Thursday, December 10, 2015

A sign of things to come?

Last week the North of the UK was hit by strong rain (storm ‘Desmond’) which led to massive flooding of various towns and villages, especially in Cumbria. As is routine in such cases, the question is asked if this has been caused by climate change. The Met office issued this statement by Professor Dame Julia Slingo, Met Office Chief Scientist:

“It’s too early to say definitively whether climate change has made a contribution to the exceptional rainfall. We anticipated a wet, stormy start to winter in our three-month outlooks, associated with the strong El Niño and other factors.
“However, just as with the stormy winter of two years ago, all the evidence from fundamental physics, and our understanding of our weather systems, suggests there may be a link between climate change and record-breaking winter rainfall. Last month, we published a paper showing that for the same weather pattern, an extended period of extreme UK winter rainfall is now seven times more likely than in a world without human emissions of greenhouse gases.”

It is interesting to compare the recent Cumbria flooding with that other event she alludes to. Somerset experienced heavy rainfall and flooding just after Christmas 2013, which lasted into much of January 2014. It prompted David Cameron to claim that climate change was behind these floods.

The Met Office published a report in February 2014 stating that ‘In terms of the storms and floods of winter 2013/2014, it is not possible, yet, to give a definitive answer on whether climate change has been a contributor or not.’

Cameron did not repeat his statement last week (he may still decide to do so), despite Professor Slingo’s more confident (if still tentative) claim about such extreme rain now being 7 times more likely because of climate change (I leave aside if this reasoning is sound or not, it does not matter for the present context).

Why did Cameron change his tactics? After all, climate change is always a good excuse for inaction regarding climate change adaptation, deflecting attention away. The UK government has cut investment in flood defenses and would need to address structural issues within the agricultural industry, especially sheep farming on the fells which creates excessive water run-off in the first place. Reforestation of the hills should be a priority—but these a are long term expensive policies, not attractive to British Prime ministers.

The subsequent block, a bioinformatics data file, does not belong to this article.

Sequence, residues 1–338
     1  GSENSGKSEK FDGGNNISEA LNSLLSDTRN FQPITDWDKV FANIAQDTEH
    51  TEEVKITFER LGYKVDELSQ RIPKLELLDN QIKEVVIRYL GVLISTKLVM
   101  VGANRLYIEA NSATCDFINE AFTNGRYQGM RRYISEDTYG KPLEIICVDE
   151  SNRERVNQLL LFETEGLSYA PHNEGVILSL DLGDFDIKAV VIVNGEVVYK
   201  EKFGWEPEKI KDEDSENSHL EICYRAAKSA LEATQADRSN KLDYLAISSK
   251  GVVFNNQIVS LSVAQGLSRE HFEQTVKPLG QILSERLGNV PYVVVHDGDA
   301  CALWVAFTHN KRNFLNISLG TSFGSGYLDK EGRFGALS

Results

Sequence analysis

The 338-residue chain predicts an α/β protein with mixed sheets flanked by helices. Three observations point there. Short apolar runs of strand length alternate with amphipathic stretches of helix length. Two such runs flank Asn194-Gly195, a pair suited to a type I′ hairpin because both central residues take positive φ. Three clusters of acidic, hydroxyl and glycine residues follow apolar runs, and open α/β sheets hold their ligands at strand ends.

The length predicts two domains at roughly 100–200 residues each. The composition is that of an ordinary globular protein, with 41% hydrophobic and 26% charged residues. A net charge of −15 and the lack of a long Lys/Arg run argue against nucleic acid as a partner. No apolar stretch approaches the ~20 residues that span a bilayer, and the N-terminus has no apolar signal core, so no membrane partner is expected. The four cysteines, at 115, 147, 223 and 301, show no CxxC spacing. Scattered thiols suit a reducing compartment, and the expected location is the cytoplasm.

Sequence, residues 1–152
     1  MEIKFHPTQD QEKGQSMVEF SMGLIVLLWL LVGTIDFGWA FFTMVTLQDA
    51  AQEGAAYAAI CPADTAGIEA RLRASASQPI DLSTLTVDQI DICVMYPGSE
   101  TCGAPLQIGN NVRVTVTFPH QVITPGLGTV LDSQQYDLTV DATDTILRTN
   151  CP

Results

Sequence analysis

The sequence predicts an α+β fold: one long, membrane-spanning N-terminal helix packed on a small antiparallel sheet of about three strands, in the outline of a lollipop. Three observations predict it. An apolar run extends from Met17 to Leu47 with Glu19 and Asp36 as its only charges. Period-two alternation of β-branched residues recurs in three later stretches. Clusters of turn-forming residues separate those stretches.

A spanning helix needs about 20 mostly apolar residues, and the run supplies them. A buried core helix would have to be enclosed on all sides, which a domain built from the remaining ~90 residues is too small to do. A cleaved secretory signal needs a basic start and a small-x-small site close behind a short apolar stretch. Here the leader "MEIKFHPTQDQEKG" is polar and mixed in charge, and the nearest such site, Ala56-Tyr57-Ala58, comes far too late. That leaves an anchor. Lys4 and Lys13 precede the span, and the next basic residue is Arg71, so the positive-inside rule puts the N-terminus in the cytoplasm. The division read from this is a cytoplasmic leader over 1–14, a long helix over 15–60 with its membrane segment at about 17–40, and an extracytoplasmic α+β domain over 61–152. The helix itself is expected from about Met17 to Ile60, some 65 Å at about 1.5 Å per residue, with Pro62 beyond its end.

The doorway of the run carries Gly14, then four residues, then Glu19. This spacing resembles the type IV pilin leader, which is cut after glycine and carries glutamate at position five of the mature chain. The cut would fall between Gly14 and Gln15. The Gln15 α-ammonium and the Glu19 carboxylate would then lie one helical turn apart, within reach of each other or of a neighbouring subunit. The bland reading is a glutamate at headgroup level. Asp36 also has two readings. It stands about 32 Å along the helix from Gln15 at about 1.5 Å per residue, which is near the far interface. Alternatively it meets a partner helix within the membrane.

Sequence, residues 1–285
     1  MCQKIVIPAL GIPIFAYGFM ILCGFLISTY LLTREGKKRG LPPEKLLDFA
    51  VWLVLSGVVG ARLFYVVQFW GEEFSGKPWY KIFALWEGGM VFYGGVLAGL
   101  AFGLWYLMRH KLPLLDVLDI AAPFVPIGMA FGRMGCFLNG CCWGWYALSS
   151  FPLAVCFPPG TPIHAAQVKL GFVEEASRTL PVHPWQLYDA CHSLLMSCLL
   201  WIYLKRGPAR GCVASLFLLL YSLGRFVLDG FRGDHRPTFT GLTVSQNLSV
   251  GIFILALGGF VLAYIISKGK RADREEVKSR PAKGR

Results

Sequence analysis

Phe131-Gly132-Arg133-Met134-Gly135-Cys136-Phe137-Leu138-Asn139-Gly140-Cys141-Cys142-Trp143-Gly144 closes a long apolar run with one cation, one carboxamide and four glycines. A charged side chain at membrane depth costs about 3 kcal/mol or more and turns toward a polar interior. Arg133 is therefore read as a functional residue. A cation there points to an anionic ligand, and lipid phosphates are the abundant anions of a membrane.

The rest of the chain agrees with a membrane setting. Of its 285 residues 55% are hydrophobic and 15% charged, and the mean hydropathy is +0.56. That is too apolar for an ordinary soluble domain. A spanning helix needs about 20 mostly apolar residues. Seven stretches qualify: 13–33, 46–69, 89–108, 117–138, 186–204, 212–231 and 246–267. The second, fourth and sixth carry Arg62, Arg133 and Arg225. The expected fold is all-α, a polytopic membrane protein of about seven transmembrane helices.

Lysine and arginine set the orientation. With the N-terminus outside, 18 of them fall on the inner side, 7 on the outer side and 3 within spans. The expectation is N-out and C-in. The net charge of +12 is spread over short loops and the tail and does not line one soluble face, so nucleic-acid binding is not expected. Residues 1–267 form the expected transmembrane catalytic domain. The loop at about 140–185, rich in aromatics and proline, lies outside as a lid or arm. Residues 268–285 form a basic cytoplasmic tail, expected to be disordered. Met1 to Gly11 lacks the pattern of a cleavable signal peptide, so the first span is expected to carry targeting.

So while in theory climate change could deflect attention from these problems that have nothing to do with climate change, Cameron opted not to repeat his Somerset claim about a link between the two. It could well be that he signals a change in direction from his government. With the imminent cut to subsidies for renewable energy while at the same time introducing taxation for them, there are reasons to believe that climate change will be of lesser importance to the UK government. It could signal that the UK sees itself less of a leader in global climate politics

Two years ago the floods were used to signal that the government takes climate change seriously (even if the argument was not supported by the Met office). Now the floods have become an embarrassment. Just at a time when Cameron announced in Paris that we should act today and not provide excuses tomorrow, the floods expose him for having failed to address the issue. Let’s be clear: He has failed to address adaptation to climate change in his own country. He might still be up for global mitigation, despite increasing pessimism from commentators about the alleged role of UK leadership in this process. But the timing of events has been very unfortunate for him.


hvw said...

Good topic. Maybe an attempt to disentangle things a bit:

Best estimates now say the chances of this flood to occur were increased by climate change by about ~40%. But how are these "real-time attribution" efforts helpful for anything? I would suggest that this is mostly scientific effort spent on raising awareness - a rather unconventional motivation for research. Could be discussed whether that is laudable or not.

Of course Reiner is right - climate change, in the sense that is now dealt with in Paris, has nothing to do with it. Because that is about changes that are going to happen over the next century.